Can Algorithms Predict Political Unrest? These Data Scientists Believe So
Who can forget the attack on Capital last January 6th? For those who do remember it well, there is an urgency to do something to avoid it ever happening again. One way to do that is to predict these events before they happen just like you can predict weather patterns.
Some data scientists believe they can achieve exactly that, according to The Washington Post. “We now have the data — and opportunity — to pursue a very different path than we did before,” said Clayton Besaw, who helps run CoupCast, a machine-learning-driven program based at the University of Central Florida that predicts coups for a variety of countries.
This type of predictive modeling has been around for a while but has mostly focused on countries where political unrest is far more common. Now, the hope is that it can be redirected to other nations to help prevent events like that of January 6th. And so far, the firms working in this field have been quite successful.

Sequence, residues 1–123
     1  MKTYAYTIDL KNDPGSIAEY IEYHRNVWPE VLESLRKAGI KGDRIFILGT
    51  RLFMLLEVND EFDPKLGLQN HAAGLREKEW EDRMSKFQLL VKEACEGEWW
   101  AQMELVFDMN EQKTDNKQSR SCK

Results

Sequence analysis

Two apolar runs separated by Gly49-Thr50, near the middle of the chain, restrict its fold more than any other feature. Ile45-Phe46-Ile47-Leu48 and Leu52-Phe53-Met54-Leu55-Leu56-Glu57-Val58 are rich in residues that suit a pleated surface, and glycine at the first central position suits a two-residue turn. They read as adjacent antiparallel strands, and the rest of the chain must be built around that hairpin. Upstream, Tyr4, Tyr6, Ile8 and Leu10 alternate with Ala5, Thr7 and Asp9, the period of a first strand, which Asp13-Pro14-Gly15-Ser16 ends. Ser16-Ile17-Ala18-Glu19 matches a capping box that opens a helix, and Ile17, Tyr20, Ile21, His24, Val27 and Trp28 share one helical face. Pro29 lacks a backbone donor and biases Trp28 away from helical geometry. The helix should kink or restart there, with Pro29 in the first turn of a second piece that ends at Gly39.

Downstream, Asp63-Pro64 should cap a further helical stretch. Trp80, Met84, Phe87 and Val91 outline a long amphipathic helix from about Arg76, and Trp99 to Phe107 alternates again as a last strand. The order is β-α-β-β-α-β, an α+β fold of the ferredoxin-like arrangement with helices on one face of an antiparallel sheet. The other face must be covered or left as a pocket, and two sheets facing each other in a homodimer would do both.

The nonprofit Armed Conflict Location & Event Data Project (ACLED), another organization involved in this type of work according to the Post, warned in October of 2020 that there was a potential risk of an attack on a federal building.
“People will see threats like we see the fronts of a storm — not as publicly, maybe, but with a lot of the same results. There’s a lot of utility for this here at home," said Philip Schrodt, one of the fathers of conflict-prediction.
Now, the Pentagon, the CIA, and the State Department have already begun using artificial intelligence to track unrest overseas, but the Department of Homeland Security and the FBI have yet to get on board. Supporters of the new tech, however, argue that the organizations should reconsider.
“It’s not perfect, and it can be expensive,” said Sheldon Himelfarb, chief executive of PeaceTech, a lab that works to reduce violent conflict by using technology, media, and data to accelerate and scale peacebuilding efforts. “But there’s enormous unrealized potential to use data for early warning and action. I don’t think these tools are just optional anymore.”